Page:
having a length substantially equal to half the guide wave
nents near a predetermined center microwave frequency
length at said center frequency multiplied by an integer
comprising, a waveguide section of uniform cross-section
k, at least one pair of intermediate adjacent reflecting ele
having a cutoff frequency below the frequency of said
ments being separated by a long section of waveguide hav
spectral components, and a plurality of irises in respec 50 ing a length such that said integer k is greater than one,
tive planes within said section, said planes being spaced
the reflection coeiiicients of said one pair of reñecting
by an integral multiple of the guide half wavelength of
elements being reduced by the multiplicative integer k
said energy at said center frequency, at least two inter
of said long section over the value required to provide
mediate adjacent planes being separated by at least one
said
predetermined frequency selectivity with said long
guide wavelength of said energy at said center frequency. 55 section being only half said guide wavelength long.
3. A direct-coupled resonant cavity microwave ñlter re
7. A microwave filter in accordance with claim 6 where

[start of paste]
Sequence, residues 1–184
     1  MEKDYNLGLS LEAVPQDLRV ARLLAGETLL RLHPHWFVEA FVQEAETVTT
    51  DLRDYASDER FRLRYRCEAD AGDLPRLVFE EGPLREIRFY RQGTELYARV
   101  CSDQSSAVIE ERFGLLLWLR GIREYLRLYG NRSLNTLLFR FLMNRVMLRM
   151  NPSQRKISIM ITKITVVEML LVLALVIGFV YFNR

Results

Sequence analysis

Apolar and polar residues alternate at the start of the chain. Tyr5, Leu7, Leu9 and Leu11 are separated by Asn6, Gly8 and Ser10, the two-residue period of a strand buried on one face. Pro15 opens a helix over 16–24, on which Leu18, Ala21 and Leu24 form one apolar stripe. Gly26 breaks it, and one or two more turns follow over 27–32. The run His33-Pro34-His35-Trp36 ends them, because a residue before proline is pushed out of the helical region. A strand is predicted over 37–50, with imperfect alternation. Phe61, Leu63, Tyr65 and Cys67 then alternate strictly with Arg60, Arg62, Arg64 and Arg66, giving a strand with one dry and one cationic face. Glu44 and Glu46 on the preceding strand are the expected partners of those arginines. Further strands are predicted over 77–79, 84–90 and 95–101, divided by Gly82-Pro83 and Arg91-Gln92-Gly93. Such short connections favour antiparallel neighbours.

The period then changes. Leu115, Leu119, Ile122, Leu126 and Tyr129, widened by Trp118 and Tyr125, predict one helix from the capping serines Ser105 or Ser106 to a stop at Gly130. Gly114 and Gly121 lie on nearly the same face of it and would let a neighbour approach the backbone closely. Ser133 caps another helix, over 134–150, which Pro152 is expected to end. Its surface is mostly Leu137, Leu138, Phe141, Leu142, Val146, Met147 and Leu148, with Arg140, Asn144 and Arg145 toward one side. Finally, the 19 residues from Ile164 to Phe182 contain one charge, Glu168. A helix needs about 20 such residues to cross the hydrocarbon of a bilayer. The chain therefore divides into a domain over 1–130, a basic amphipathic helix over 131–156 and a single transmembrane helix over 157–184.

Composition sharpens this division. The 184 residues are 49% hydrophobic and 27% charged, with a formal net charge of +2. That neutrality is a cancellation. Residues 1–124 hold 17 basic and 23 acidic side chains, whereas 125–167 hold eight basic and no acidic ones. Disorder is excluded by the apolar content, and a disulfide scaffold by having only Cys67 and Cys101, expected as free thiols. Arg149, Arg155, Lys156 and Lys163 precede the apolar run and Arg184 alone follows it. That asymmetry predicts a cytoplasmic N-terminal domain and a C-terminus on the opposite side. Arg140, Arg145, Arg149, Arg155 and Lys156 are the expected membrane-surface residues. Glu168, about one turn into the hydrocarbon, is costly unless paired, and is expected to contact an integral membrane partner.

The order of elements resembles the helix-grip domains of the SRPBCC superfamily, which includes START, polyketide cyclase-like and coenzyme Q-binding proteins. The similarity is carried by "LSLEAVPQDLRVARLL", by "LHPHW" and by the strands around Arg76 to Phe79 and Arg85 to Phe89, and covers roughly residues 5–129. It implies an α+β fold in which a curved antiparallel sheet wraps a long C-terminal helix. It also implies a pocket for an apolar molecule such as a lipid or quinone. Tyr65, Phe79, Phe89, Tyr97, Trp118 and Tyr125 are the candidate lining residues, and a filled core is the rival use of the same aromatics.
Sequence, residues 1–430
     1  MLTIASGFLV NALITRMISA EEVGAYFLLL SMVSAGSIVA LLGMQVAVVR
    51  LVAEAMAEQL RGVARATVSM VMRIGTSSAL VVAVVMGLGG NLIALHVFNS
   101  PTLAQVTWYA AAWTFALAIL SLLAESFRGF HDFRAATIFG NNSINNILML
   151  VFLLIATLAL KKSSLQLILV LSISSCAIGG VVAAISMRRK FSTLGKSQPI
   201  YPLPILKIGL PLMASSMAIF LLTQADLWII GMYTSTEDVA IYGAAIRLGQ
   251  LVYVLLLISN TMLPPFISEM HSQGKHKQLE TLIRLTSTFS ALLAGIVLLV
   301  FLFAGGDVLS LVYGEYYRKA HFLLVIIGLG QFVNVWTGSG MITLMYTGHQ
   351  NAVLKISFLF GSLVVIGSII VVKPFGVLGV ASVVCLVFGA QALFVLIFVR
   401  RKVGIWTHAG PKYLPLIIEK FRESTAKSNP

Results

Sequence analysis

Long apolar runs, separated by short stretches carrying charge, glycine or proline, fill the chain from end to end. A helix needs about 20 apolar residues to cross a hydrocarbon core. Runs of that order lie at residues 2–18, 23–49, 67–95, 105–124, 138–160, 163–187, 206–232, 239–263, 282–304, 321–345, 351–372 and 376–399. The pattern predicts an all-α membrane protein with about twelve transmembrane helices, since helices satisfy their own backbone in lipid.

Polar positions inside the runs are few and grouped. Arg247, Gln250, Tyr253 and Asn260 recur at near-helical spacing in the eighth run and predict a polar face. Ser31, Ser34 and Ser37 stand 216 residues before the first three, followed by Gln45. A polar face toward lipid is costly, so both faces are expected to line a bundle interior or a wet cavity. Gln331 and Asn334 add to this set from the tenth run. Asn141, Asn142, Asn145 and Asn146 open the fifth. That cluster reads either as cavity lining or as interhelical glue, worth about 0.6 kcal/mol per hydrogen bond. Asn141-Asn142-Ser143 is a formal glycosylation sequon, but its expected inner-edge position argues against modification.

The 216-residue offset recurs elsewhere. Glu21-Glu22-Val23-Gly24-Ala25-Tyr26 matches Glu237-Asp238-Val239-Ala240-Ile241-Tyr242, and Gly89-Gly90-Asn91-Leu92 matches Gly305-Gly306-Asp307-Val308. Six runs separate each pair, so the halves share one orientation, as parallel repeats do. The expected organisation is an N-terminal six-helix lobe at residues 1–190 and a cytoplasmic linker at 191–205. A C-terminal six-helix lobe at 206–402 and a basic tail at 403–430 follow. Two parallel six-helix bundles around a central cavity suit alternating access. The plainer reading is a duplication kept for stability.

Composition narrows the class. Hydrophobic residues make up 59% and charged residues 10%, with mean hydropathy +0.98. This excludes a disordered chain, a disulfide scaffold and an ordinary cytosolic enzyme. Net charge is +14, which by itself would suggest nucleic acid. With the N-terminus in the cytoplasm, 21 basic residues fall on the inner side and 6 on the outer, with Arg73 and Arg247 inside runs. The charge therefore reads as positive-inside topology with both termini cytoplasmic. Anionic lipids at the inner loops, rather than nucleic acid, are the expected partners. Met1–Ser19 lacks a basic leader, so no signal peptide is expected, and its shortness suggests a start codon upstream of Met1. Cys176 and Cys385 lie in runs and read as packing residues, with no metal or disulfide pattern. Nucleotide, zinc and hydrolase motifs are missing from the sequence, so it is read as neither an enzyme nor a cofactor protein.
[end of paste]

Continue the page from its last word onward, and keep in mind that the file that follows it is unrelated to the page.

in each section which would develop a maximum voltage
therein greater than its breakdown potential when trans
prising, a plurality of cascaded sections of waveguide di
mitting said high power levels if only half said guide wave
mensioned to normally propagate said energy, all of said 60 length long is the minimum value of k guide half wave
sponsive to microwave energy having spectral components
near a predetermined center microwave frequency com
sections being uniform in cross-section retiecting elements
in said waveguide between adjacent sections coacting with
said sections to selectively transmit only a narrow band
lengths long required to reduce said maximum voltage to
a value below said breakdown potential when transmitting
said high power levels while said filter exhibits said pre
determined selectivity.
of said spectral components, each of said sections having
a length substantially equal to an integral multiple of half 65
8. A microwave iilter in accordance with claim 7 where
the guide wavelength at said center frequency, at least
in said retiecting elements are inductive irises.
one of the intermediate sections being at least one guide
wavelength long.
References Cited in the ñle of this patent
4. A direct-coupled resonant cavity microwave filter
UNITED STATES PATENTS
responsive to microwave energy having spectral compo- 70
nents near a predetermined center microwave frequency
comprising, a plurality of cascaded sections of waveguide
having a uniform cross-section and being dimensioned to
normally propagate said energy, reñecting elements in said
2,546,742
2,623,120
Gutton et al ___________ __ Mar. 27, 1951
Zobel _______________ __ Dec. 23, 1952
2,859,418
Vogelman ____________ __ Nov. 4, 1958